In 2006, the International Marathon Medical Director Association (IMMDA) issued their own position statement on fluid intake during exercise. They recommend that athletes refer to the sensation of thirst to determine fluid intake [12]. The foundation beneath this recommendation was that plasma hyperosmolality, as occurs with exercise-induced sweat loss [13], is far more detrimental to endurance performance than is body water loss.

Drinking according to thirst suffices to maintain plasma osmolality within homeostatic range.  Albeit no direct scientific evidence supports the IMMDA’s claim, a recent meta-analysis has shown that gauging fluid intake with thirst optimizes endurance performance; drinking below it meaningfully decreases endurance performance [14]. We contend that athletes should drink according to the dictates of thirst with no need for more.

Dr. Eric Goulet, PhD, has been an adjunct professor of exercise physiology and a researcher at the Research Center on Aging of the University of Sherbrooke since 2009. Eric has authored twelve peer-reviewed publications related to endurance performance and hydration and is on the editorial board of the Journal of Exercise Physiology online.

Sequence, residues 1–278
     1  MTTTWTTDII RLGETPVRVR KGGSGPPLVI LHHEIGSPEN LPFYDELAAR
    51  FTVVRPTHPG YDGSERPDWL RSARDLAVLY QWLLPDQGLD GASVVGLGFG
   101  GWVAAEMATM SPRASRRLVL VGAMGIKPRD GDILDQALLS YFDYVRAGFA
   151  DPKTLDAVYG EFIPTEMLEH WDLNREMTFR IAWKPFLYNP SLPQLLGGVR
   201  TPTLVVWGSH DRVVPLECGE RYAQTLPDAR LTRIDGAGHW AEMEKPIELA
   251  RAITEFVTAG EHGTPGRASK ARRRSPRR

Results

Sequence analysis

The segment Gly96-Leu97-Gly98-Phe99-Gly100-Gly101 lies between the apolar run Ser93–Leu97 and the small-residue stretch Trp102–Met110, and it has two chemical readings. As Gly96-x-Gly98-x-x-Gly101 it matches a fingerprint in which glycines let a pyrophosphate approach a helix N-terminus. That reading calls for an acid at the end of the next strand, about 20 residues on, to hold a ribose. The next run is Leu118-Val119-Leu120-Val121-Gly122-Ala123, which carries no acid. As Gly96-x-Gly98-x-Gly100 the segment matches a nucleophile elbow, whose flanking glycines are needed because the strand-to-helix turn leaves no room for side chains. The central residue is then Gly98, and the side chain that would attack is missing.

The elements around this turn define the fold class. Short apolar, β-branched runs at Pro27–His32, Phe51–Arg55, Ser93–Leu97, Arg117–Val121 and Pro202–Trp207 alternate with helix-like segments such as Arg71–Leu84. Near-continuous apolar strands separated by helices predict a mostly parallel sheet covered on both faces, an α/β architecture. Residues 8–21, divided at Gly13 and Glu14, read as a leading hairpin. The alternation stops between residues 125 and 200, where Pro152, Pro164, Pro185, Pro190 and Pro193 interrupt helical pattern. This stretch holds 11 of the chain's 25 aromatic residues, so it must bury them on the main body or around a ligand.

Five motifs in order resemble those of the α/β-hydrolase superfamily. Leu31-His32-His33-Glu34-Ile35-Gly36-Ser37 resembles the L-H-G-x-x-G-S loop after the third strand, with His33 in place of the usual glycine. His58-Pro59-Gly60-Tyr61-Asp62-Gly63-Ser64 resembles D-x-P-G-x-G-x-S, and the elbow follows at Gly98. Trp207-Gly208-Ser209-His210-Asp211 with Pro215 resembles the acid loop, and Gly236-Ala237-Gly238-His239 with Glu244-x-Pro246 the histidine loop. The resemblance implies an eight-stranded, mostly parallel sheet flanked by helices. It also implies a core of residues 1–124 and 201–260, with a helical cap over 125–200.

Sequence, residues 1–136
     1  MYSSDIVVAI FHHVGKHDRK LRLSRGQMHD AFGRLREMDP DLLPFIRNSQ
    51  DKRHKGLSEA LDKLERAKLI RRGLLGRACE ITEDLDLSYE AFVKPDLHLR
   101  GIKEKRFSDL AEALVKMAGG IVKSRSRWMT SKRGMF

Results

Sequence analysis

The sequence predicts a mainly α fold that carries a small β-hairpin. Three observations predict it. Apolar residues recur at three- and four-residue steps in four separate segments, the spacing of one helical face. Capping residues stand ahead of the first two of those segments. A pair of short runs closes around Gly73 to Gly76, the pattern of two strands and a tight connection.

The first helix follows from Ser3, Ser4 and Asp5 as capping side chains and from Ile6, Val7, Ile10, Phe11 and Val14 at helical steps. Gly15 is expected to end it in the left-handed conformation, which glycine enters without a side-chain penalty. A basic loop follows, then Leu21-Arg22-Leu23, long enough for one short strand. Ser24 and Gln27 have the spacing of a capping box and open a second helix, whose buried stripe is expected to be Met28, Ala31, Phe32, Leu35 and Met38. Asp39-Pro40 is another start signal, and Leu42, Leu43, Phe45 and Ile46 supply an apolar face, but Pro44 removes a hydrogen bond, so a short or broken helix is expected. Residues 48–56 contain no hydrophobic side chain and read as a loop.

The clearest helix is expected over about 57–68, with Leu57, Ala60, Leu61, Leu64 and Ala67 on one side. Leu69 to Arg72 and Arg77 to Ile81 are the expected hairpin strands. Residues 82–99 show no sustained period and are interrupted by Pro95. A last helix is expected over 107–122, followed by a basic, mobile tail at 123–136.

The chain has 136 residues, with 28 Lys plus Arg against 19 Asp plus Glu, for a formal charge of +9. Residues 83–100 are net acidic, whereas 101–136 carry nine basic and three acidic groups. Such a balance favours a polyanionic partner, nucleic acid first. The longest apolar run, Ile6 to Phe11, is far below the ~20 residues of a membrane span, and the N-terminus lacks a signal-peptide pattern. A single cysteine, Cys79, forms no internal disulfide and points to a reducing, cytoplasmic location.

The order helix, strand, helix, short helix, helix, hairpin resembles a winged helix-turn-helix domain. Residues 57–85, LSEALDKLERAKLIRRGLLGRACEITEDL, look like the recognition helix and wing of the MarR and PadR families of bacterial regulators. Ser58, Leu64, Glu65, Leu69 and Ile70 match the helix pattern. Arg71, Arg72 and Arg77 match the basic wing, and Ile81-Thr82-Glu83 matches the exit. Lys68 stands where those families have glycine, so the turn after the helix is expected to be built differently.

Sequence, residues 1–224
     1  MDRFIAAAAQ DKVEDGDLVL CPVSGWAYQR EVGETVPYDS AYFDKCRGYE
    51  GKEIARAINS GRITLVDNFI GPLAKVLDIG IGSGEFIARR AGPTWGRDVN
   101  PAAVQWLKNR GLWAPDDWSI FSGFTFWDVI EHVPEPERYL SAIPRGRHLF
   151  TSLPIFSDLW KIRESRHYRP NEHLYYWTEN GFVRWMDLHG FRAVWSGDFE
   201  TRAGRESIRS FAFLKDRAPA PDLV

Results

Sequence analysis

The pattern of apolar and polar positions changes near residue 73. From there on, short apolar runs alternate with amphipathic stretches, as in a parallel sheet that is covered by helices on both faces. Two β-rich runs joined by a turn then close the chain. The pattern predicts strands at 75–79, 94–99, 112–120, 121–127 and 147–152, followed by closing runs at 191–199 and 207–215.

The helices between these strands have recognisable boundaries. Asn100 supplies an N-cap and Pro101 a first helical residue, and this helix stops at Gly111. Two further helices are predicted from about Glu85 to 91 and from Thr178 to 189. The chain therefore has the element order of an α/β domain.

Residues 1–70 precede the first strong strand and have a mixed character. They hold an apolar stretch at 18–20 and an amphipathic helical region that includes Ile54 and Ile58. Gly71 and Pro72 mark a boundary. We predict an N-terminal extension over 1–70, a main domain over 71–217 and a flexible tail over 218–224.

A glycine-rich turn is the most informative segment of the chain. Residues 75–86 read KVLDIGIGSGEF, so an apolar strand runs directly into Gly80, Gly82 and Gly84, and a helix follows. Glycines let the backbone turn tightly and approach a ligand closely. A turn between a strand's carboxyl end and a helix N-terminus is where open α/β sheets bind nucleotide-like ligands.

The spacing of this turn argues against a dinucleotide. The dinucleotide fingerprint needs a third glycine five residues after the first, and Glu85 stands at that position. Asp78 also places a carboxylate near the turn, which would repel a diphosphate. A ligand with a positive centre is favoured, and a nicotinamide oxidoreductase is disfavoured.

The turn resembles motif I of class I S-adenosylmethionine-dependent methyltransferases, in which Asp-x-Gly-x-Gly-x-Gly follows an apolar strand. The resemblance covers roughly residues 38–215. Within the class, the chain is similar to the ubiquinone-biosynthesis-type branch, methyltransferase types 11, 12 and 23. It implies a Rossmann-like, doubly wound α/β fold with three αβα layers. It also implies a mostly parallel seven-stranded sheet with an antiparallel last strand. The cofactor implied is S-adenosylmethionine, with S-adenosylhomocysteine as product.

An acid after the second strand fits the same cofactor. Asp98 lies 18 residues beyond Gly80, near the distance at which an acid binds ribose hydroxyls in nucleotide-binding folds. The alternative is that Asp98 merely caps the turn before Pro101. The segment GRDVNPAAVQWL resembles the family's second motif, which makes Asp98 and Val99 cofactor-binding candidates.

Félix-Antoine Savoie (BSc) is a graduate student at the University of Sherbrooke and currently under the supervision of Dr. Goulet. 

References:

1.         Sawka MN, Burke LM, Eichner ER, Maughan RJ, Montain SJ, Stachenfeld NS. American College of Sports Medicine position stand. Exercise and fluid replacement. Medicine and science in sports and exercise. 2007 Feb;39(2):377-90.

2.         Casa DJ, Armstrong LE, Hillman SK, Montain SJ, Reiff RV, Rich BS, et al. National athletic trainers’ association position statement: fluid replacement for athletes. Journal of athletic training. 2000 Apr;35(2):212-24.

3.         International Olympic Committee Consensus Statement on Sports Nutrition.  2010  [cited; Available from: http://www.olympic.org/Documents/Reports/EN/CONSENSUS-FINAL-v8-en.pdf

4.         Rodriguez NR, Di Marco NM, Langley S. American College of Sports Medicine position stand. Nutrition and athletic performance. Medicine and science in sports and exercise. 2009 Mar;41(3):709-31.